Speech Language Play

Leafing Through Speech Goals September 20, 2012

Filed under: Uncategorized — speechlanguageplay @ 10:42 pm

I have to apologize for the fact that I have been MIA. Over the past few months I have gotten engaged, got a new job, and have planned a wedding (in what would be considered less time than is humanly possible).

So I will just leave you with a tiny bit of good stuff to start the year off right. Since many of you (including me) make a fall themed bulletin board, I thought that it would be great to have students reflect on their goals while making a fun little play on word “Leafing through my speech goals” (“leafing” as related to leaves but also to all the IEP’s I’ve had to read over the last few days.)

Students can verbally state, write, or select a symbol related to what their goals are and why they are working towards those goals.

Simple little double sided book that can be used with kids of all abilities.




Giveaway of “The Monster at the End of This Book” App May 30, 2012

Filed under: Uncategorized — speechlanguageplay @ 11:02 pm

I have been offered a free code for this really awesome app, so if you would like it, please do any of the following and post a comment for each one that you complete. I will pick a winner on Thursday June 7th. 


You can post a link to my blog on facebook, twitter, pinterest, or anywhere else its relevant.

You can follow my blog. (This would make me happiest of all)

You can like Callaway Digital Arts, and send them a hello from SpeechLangaugePlay https://www.facebook.com/CallawayDigitalArts#

Or you can just leave me a message about what you would be interested in reading on my blog.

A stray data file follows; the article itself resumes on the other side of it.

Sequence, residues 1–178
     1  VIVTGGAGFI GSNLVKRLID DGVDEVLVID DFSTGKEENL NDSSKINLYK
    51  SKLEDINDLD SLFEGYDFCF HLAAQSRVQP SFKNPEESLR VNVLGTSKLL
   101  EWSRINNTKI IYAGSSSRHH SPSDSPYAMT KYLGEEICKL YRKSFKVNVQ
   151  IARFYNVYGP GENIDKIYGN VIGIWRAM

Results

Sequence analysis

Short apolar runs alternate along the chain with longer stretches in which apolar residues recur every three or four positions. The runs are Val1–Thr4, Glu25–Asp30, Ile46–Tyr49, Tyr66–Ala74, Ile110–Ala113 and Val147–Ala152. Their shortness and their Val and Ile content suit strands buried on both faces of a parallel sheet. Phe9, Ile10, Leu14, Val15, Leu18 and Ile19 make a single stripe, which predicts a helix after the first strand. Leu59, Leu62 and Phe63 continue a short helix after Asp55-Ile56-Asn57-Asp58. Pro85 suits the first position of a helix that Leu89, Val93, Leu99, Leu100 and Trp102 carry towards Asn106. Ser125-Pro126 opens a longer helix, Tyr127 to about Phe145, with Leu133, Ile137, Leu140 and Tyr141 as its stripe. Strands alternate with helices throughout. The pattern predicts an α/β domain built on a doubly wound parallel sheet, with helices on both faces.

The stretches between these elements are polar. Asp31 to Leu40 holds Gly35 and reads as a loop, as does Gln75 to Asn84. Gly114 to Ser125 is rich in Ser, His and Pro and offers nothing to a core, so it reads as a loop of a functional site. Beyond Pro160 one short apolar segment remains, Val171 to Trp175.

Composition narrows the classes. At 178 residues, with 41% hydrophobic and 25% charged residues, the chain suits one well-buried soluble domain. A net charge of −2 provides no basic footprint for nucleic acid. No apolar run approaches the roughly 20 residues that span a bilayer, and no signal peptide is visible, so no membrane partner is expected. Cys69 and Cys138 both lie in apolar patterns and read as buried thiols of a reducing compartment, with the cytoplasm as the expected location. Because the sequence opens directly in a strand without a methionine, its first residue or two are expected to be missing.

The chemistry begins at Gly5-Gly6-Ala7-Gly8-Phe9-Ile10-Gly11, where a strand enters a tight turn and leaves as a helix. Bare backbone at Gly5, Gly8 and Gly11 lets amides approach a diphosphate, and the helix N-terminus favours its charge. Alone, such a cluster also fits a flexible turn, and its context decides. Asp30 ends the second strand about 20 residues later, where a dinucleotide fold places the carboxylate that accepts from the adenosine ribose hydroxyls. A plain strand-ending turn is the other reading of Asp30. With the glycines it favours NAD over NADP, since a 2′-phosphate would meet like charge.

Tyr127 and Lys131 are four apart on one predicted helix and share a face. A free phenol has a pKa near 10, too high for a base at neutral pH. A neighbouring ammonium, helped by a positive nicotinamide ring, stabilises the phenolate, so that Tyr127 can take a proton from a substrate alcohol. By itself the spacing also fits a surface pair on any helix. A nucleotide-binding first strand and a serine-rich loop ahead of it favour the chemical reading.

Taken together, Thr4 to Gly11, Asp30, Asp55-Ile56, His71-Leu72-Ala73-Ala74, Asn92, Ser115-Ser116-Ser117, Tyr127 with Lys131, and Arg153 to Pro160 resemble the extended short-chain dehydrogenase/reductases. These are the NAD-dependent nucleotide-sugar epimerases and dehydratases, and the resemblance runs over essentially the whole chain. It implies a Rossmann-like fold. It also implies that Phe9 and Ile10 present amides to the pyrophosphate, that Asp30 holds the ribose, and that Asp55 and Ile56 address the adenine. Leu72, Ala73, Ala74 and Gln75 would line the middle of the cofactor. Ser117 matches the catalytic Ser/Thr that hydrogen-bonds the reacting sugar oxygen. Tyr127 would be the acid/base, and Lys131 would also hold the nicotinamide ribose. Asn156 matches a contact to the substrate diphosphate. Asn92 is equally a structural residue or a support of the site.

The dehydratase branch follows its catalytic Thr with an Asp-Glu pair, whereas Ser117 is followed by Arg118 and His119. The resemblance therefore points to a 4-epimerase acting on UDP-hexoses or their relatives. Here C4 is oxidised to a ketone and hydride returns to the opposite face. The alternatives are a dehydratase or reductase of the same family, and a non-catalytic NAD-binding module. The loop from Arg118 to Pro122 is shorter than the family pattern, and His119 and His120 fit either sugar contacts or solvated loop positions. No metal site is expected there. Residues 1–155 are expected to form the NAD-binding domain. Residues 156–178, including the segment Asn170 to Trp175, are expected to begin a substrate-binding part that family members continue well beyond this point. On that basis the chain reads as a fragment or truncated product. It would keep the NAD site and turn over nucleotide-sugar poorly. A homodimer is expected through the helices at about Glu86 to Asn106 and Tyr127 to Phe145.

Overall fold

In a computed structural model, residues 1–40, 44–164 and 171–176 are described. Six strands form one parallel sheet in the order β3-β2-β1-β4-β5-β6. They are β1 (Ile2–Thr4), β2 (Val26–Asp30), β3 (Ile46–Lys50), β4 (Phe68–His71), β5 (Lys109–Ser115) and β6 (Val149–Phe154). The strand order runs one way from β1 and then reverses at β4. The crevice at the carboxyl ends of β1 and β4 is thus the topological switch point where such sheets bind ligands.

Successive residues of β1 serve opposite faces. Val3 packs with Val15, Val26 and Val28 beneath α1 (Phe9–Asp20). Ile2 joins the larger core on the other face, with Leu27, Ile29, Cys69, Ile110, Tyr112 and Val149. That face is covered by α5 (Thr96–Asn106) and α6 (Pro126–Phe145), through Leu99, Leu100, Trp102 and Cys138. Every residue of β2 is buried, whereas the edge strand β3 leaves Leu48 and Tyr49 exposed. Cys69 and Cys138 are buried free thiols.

You’re Graduating! Now what….. May 26, 2012

Filed under: Uncategorized — speechlanguageplay @ 9:31 am

I have been lucky these past few years to have such amazing graduate interns. They are eager for

Imageinformation and their zeal for therapy is unmatched. It renews my own enthusiasm in therapy and makes me give extra thought to what I am doing therapeutically and why I am doing it. One part of being a supervisor is answering questions and making sure graduate interns get an honest view of what working in the profession looks like (the good: trips to Toys R US for fun, and the bad: too many students, and almost endless paper work)

A wonderful and creative former graduate student of mine Katrina Van Sluyk wrote this guest post on some of the questions she used to ask me about life after graduation. So please enjoy!


Congratulations to all the January, May, and August 2012 graduates! You did it! Commencement services are fast approaching or have passed and you now hold a Master’s Degree in Speech Language Pathology!! Parties, dinners, imitate gatherings, and celebrations are now over and you are in search of your first job, a Clinical Fellowship Year (CFY) position in Speech Language Pathology.  This is a very exciting time in your life but can be also be very scary.

The beauty of our field is that there are so many possible employment opportunities.  If you don’t already know, you need to decide what population you want to work with.  After completing my placements, I knew I wanted to work with pediatrics.  During my last semester of graduate school, I had a ton of questions regarding what I should look for in an agency, school and/or supervisor before I accept a CFY position. Viky, my supervisor at the time, gave me a lot of useful advice about what I should look for when choosing my CFY position.

I am going to try to answer those questions and help advise you based on the advice that was given to me.  Here is the advice that was given to me when seeking a placement that I would like to pass on to you:

First, I hate to be the bearer of this news, but it very difficult to find a CFY position.  Once you have spent time searching the known websites including www.advanceweb.com, www.indeed.com, www.speechpathology.com and www.craigslist.com, just to name a few, you will see that many of the agencies, private practices, and both private and charter schools are looking for certified SLPs with a few years of experience.  Keeping in mind, that CFY positions are limited from the start, and let’s face it, we all want to finish our 9 months ASAP, to become Certified Speech Language Pathologists, I suggest not settling for the first position that is offered after you ace the interview.  A CFY position is an extremely critical time as we still have a lot to learn in the field.  This is the last time we will have a Supervisor guiding us as we treat disorders and cases we did not come across during our graduate internships and externships.